Hello, all! It’s been a while since I wrote anything, but hey, I guess I didn’t have much to talk about. Anyway, recently I got a new computer, and you know what that means!
Time to review a mobile game!
Because that makes total sense.
If you’ve been keeping up with the news, you would have heard that recently Nintendo has had its sights set on entering into the mobile gaming world. Naturally, the first thing they decide to do is to create a social network for Nintendo fans. It’s a good choice, but on the other hand it’s also hilariously out of character: Between The Big Three, Nintendo’s social features have always been dead last, with a ridiculously slow interface and a constant need to pause and even suspend any software if you wanted to read a message sent out by your friend. Not to mention that their greatest 3DS feature, SwapNote, has been canned because of irresponsible parenting.
Going by history, Nintendo is the last company that should ever make a social network application, but here we are. Now the question remains if they learned from their mistakes.
Nintendo is a family oriented compay with such lighthearted classics like Mario and Splatoon under its belt providing for an upbeat atmosphere. It’s hardly the place to read dreary, depressing, and dark comments from the community, but there you go. I don’t know what it is about the upbeat atmosphere of the game that gets people to post hilariously depressing answers to perfectly average questions, but I can’t stop doing it, somebody help.
One look at the Twitter feeds for every question you answer and you can bet somebody makes a very nihilistic or probably even borderline offensive post, and it’s hard not to want to get in on the fun.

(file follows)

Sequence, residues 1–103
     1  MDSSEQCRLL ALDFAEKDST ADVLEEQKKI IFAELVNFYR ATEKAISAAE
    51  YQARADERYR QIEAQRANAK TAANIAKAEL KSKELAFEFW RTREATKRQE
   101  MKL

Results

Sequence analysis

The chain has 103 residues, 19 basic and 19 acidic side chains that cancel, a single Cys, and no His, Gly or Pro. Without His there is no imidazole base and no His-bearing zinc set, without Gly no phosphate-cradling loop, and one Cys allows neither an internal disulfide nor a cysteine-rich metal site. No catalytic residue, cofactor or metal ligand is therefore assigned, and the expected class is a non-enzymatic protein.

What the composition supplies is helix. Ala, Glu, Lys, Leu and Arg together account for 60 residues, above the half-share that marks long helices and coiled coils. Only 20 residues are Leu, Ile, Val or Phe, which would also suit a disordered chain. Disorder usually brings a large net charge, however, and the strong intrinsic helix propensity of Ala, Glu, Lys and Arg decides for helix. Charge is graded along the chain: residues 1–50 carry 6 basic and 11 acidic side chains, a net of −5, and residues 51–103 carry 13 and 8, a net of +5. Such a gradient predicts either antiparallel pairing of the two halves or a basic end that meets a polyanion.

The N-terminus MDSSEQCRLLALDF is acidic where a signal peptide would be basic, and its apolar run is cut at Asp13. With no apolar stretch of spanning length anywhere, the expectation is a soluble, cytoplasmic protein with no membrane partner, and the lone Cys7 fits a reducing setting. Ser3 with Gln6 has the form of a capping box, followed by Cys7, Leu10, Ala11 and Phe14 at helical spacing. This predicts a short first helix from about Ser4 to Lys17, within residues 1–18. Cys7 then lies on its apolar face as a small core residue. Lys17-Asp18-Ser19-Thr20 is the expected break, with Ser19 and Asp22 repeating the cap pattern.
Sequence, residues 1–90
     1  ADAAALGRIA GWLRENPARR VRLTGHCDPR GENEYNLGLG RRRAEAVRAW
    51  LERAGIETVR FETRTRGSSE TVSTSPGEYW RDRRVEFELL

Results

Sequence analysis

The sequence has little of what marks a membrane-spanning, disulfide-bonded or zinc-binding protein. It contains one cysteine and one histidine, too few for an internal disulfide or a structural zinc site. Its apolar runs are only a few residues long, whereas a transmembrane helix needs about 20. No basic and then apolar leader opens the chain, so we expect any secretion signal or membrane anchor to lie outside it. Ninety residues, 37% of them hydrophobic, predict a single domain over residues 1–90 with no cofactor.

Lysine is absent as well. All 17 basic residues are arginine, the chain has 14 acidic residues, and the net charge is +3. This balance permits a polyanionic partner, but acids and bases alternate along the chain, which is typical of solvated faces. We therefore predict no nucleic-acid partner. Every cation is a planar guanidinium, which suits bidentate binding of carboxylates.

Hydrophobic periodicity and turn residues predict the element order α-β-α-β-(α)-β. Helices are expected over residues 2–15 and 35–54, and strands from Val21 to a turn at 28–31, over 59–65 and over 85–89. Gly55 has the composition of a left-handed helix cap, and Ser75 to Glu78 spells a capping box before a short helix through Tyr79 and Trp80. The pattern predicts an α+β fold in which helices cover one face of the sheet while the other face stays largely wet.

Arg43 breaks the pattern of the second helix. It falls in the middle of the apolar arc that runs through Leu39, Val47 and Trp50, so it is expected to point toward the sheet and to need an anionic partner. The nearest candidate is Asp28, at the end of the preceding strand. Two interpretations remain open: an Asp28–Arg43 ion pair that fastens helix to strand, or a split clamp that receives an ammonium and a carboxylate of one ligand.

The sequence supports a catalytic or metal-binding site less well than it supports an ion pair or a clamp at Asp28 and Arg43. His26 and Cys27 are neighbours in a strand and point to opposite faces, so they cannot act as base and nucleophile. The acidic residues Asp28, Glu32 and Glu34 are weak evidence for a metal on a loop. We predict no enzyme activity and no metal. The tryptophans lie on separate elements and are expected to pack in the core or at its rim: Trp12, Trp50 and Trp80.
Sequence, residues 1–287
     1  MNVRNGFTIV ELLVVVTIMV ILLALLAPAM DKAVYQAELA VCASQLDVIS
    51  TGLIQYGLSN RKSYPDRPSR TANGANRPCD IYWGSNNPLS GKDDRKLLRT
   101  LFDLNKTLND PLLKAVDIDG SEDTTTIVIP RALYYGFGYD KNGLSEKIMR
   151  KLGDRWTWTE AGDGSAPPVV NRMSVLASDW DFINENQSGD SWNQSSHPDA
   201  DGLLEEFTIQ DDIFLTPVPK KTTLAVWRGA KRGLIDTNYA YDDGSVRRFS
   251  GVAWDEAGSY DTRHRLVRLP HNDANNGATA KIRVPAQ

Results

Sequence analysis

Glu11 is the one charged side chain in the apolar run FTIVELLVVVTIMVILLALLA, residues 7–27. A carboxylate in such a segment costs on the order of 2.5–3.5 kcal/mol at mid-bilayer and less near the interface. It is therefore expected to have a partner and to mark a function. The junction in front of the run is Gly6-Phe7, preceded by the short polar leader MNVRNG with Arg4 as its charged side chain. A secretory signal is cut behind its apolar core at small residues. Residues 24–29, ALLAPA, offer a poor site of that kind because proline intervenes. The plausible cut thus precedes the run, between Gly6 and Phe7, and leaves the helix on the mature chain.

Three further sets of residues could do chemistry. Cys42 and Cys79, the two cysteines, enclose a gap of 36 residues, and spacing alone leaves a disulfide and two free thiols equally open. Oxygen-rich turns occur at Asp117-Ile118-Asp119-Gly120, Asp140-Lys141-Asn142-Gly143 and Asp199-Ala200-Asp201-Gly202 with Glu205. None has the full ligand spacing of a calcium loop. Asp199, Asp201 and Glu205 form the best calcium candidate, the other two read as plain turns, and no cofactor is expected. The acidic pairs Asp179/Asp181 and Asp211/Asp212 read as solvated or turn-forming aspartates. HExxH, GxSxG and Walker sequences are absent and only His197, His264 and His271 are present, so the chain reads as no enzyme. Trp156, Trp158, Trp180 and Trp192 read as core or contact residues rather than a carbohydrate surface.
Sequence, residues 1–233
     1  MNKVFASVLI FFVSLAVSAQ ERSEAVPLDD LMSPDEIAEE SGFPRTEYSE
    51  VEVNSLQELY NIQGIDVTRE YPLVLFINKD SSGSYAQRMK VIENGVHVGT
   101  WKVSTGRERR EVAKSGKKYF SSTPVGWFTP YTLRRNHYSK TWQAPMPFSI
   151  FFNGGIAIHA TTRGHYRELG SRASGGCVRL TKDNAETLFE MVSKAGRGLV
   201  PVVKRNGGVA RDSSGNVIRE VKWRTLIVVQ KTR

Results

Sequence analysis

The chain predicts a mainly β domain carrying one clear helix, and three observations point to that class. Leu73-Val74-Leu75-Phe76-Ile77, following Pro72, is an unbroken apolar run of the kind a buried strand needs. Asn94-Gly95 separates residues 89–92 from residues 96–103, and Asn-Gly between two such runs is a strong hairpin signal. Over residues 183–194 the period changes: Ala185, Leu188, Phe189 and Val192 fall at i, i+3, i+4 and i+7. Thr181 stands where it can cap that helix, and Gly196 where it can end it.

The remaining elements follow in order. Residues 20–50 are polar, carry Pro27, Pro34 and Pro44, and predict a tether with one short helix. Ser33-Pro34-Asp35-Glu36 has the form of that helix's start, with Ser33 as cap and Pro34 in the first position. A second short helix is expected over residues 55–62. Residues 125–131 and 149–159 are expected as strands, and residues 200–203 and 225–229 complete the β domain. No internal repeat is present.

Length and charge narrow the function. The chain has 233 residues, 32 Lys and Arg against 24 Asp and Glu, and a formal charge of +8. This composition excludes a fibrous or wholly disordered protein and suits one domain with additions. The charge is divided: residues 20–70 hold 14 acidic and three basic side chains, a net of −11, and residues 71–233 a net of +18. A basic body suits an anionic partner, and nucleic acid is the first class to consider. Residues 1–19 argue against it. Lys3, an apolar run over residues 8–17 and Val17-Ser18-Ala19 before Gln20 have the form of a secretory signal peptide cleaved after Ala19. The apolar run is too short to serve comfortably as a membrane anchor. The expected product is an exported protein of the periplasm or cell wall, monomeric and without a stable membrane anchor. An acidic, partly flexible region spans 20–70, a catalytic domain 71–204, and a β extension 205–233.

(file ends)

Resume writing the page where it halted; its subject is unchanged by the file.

When I first got Miitomo, I tried to be a brooding individual with nothing but comically dark answers to benign questions regarding my tastes. The first few days I went by with flying colours, before suddenly, bit by bit, I started revealing things about my actual self. Not secrets, mind you, no matter how much the game tries to pry to get me to spill the beans (it will literally ask you to share “secrets,” which I can’t imagine anybody answered differently than “but then it wouldn’t be a secret”). But little things, like hobbies and interests. You know, normal stuff. Like cannibalism. Somehow I managed to naturally just put myself in the Mii as opposed to some weird, grimdark persona, and I don’t even know how it happened.
The game asks totally basic questions, whose answers are then shared with your friends. Once they’re received, they can get in on the conversation by typing up their comments and you can join right back in. One question once generated a grand total of 35 comments which steered into fictional politics somehow. Another about whether or not a bear can use a lightsaber if he knew how to flip pancakes. It all makes sense in context, but the ride to get there was equally wild.
You’d think that watching this commercial you’d think to yourself “there’s no way people would ever be that social over such stupid questions.”
But they are. Very much so. In fact, I was surprised to see that some of my conversations unfolded just like they did in this trailer
including the part where I was wearing a hot dog suit and how it all just kept going.